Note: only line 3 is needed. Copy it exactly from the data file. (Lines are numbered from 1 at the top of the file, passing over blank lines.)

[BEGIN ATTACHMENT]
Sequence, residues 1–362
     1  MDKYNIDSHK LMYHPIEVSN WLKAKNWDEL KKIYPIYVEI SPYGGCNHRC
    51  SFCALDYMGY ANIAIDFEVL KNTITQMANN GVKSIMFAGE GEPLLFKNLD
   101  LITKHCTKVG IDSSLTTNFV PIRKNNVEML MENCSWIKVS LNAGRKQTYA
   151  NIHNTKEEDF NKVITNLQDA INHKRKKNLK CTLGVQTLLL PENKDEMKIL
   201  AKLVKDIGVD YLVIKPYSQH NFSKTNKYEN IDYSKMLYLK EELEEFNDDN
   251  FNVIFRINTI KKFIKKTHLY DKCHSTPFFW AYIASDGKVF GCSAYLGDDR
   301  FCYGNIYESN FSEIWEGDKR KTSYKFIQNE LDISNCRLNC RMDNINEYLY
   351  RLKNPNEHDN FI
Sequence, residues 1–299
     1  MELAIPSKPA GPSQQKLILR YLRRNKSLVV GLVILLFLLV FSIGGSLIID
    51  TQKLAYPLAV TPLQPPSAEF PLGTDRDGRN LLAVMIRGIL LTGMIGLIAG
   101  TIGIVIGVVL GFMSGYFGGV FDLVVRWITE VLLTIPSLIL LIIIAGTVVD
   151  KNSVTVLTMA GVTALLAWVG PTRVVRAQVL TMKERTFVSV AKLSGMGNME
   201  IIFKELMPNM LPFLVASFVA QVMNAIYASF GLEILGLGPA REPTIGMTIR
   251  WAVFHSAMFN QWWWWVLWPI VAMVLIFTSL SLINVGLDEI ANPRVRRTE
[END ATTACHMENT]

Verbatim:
    51  SFCALDYMGY ANIAIDFEVL KNTITQMANN GVKSIMFAGE GEPLLFKNLD